According to the Pew report, the Catholic church was actually in better shape than other Christian denominations, its membership remaining relatively flat over the last five years. The Protestant church is another story. Evangelical and mainline Protestant churches lost 5 percent of their members since 2007.
While Pew reported that membership in the Church of Jesus Christ of Latter-day Saints has remained flat in recent years, the church is not taking any chances. Last week the church’s president said he would lower the age when Mormon teenagers would be allowed to serve their two-year missions. The ages will drop from 19 to 18 for men, and from 21 to 19 for women.
One reason for what Pew calls the “gradual softening of religious commitment” among Americans is the perception that religious institutions are deeply entangled with politics.
David Campbell, a professor of political science at the University of Notre Dame and co-author of “American Grace: How Religion Unites and Divides Us,” sets the beginning of the marriage of religion and politics in the late 1980s and early 1990s, with the rise of the Christian Coalition, the 1988 presidential candidacy of the Rev. Pat Robertson and presidential contender Pat Buchanan’s “culture war” speech at the 1992 Republican National Convention.
“You begin to see the Republican party emphasizing its position on social issues and beginning to use religious rhetoric and symbolism, putting religion in the forefront,” Campbell said. “All of a sudden, the growth of the ‘nones’ begins.”
Foran said his generation has been turned off by the political involvement of religious institutions.
“The rise of the far right in partnership with Christianity makes young people question religion in general,” Foran said. “When churches do that, young people start to distance themselves, or hesitate to get involved with religion in the first place.”
In the Pew report, 67 percent of those unaffiliated with a religion said churches and other religious institutions are too involved with politics, compared to 46 percent of the general public and 41 percent of those who are religiously affiliated.
In his pastoral letter, Carlson blames the Catholic decline partially on “secularization,” beginning with “aggressively anti-Christian intellectual currents born in Enlightenment Europe in the 18th century.”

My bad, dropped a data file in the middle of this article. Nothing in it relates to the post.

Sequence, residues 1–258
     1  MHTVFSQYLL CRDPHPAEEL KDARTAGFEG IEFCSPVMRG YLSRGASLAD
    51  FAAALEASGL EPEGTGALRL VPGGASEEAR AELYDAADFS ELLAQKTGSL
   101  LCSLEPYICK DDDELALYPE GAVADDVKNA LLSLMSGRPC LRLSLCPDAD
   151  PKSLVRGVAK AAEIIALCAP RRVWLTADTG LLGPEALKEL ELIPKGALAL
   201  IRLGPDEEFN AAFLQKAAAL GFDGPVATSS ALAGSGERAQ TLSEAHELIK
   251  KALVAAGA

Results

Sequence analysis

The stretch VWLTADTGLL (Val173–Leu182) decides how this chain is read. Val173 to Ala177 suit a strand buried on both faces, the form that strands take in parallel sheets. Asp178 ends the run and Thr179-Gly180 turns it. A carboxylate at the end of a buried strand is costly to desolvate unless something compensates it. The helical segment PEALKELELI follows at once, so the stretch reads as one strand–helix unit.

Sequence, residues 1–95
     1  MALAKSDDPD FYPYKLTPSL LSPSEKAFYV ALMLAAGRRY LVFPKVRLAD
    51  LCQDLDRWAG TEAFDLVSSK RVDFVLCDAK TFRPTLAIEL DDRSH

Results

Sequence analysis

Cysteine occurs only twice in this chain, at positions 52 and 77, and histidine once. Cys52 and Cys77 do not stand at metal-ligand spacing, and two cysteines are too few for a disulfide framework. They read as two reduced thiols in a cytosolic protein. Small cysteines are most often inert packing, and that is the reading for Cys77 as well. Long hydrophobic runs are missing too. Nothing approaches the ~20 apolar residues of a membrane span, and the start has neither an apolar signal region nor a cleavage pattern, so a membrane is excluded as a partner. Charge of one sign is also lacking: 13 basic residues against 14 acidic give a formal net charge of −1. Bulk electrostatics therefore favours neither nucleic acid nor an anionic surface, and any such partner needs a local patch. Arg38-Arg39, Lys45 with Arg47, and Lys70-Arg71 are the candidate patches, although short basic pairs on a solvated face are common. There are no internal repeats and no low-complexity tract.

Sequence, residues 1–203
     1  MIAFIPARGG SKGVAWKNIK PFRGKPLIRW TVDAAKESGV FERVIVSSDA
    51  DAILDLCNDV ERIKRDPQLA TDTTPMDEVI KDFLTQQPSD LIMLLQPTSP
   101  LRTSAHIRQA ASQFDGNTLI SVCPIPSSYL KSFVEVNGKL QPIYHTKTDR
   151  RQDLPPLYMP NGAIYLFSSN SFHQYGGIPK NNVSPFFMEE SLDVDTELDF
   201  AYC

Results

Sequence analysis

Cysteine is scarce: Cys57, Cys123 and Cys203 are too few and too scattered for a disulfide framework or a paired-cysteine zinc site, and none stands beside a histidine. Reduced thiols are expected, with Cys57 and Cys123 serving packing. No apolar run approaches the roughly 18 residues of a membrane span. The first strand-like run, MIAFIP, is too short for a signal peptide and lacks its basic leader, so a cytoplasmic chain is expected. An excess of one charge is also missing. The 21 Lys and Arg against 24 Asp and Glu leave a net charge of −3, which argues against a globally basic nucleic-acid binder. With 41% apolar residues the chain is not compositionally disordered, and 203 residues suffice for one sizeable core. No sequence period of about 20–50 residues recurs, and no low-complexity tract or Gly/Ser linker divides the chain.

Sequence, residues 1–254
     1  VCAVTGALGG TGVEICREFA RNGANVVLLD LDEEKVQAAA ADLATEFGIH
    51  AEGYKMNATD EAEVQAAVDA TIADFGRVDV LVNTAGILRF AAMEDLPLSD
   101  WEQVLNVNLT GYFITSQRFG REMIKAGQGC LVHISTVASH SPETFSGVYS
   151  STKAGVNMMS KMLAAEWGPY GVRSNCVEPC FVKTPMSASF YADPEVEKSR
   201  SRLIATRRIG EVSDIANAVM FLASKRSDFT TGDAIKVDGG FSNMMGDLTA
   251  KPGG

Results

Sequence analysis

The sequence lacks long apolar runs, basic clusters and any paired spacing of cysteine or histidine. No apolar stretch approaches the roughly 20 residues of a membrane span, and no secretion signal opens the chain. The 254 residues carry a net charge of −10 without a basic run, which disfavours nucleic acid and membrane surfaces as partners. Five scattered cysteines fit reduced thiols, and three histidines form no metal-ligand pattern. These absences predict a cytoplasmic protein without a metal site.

“When governments who adopt or embrace these currents in whole or part come into power, they almost invariably attempt to destroy faith in their countries by hard or soft persecution,” Carlson wrote.
The Rev. Jim Stern, pastor of Destiny Church in Town and Country, Mo., said as a 33-year-old himself, he is hopeful about reversing the growth of secularism among the young.
Saying Millennials are “highly social,” Stern said he tries to create an atmosphere in his church “where they’re not just sitting around and observing and not getting anything out of it.”
And he’s optimistic that even if young people aren’t engaged with religion now, they might be down the line.
“You can leave the local church, but you’ll still have a lot of needs in life,” he said. “There will be seasons of your life where you think you’re invincible, and others when you realize you can’t do anything right. In those moments, we need to just love people and be there when they have questions.”
But Steven Pinker, the professor and author who spoke at the St. Louis County, Mo., Library last week, sees a more global and unavoidable trend. In an interview, he said the Pew report (and other similar polls taken in recent years) simply confirmed what was essentially “the direction the Western world is going in.”
“Look at slavery, women in the workforce, spanking children, capital punishment — in each case, the U.S. followed places like Europe and Japan,” he said. “The rest of the world is secular, and we’re catching up.”
After listening to Pinker’s lecture, Theresia Matthews, a 28-year-old social worker, said she identified as “irreligious.”
“I have nothing against organized religion,” she said. “I just don’t care about it.”